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As a total novice hoping to buy my first motorised mount later this year I thought I might try some meteor photography (Perseid) in August (in-spite of the possibility of a bright waning gibbous moon) using my existing DSLR and wide angle lens.   August Sky at Night Magazine outlines a process using 10sec exposures with a remote control using continuous shutter mode.  Whilst I can test most of  this process out beforehand and am aware of the complications of moonlight, I have no idea about the length of time I should leave the camera to get on with it - at the risk of showing my ignorance is there such a thing as  a reasonable minimum?  Would appreciate some help.

Thanks

Annie

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Hi Annie, the Perseids had a peak Zenithal Hourly Rate (ZHR) of 173 in 2009 which dropped to 58 in 2011. Last year it was back up to 109. So if you had left your camera running for an hour say you should expect to have captured 109 meteors last year during the peak.

Leaving your camera out for that long you should take care against dew forming on the lens. Use of a hood - either bought or home made will help as would a dew heater tape. Don't forget to get yourself a comfy chair and a warm blanket and sit back and enjoy natures fireworks whilst your camera does all the work for you!

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Good luck :)

Last year I used a 10mm wide angle lens and 30sec exposures @ f/4 on continuous shutter. I took over 400 exposures over about 4 hours and had only 4 with meteors on them. Of those only 2 were any good. Over the same period, I saw well over 100 with just my eyes, easily the best meteor shower I have viewed. It just seemed they were camera shy and either weren't in shot or came over in the brief pause between exposures.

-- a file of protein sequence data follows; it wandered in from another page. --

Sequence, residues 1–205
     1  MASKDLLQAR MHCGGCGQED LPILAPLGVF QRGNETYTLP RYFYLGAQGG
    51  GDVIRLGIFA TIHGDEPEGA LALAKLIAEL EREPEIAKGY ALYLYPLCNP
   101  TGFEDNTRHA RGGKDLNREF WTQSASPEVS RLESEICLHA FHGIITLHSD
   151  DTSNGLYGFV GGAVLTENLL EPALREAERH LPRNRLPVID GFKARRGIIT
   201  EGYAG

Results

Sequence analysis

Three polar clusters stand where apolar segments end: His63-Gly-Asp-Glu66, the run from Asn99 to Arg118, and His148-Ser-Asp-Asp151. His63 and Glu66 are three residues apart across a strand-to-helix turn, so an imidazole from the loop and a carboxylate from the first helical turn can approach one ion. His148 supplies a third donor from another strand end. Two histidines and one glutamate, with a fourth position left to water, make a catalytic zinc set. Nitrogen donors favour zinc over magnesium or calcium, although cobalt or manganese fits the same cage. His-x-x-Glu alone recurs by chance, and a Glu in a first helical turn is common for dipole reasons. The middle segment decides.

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Good luck :)

Last year I used a 10mm wide angle lens and 30sec exposures @ f/4 on continuous shutter. I took over 400 exposures over about 4 hours and had only 4 with meteors on them. Of those only 2 were any good. Over the same period, I saw well over 100 with just my eyes, easily the best meteor shower I have viewed. It just seemed they were camera shy and either weren't in shot or came over in the brief pause between exposures. 

Sounds like my attempts with lightening storm a few months back. Zero :(. What iso were you using Rik (just to test your memory ;) )?

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Sounds like my attempts with lightening storm a few months back. Zero :(. What iso were you using Rik (just to test your memory ;) )?

1600 I think Scott. Either that or 800, but I normally shoot at 1600 with the Canon 1000D.

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Thanks Guys - very helpful.  Hope to at least something by eye from a comfy seat and a down jacket!  

Thanks again

Annie

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Thanks Guys - very helpful.  Hope to at least something by eye from a comfy seat and a down jacket!  

Thanks again

Annie

Yes Annie, don't under-estimate the need to wrap up warm. It can get surprisingly cold when you're not moving about :)

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Unfortunately this year the Moon will shine during the perseids time.

Sent from my GT-I8190 using Tapatalk

Turn your back to the moon or observe from behind a building etc where direct moonlight doesnt shine.

Not idea solution but about the only thing.

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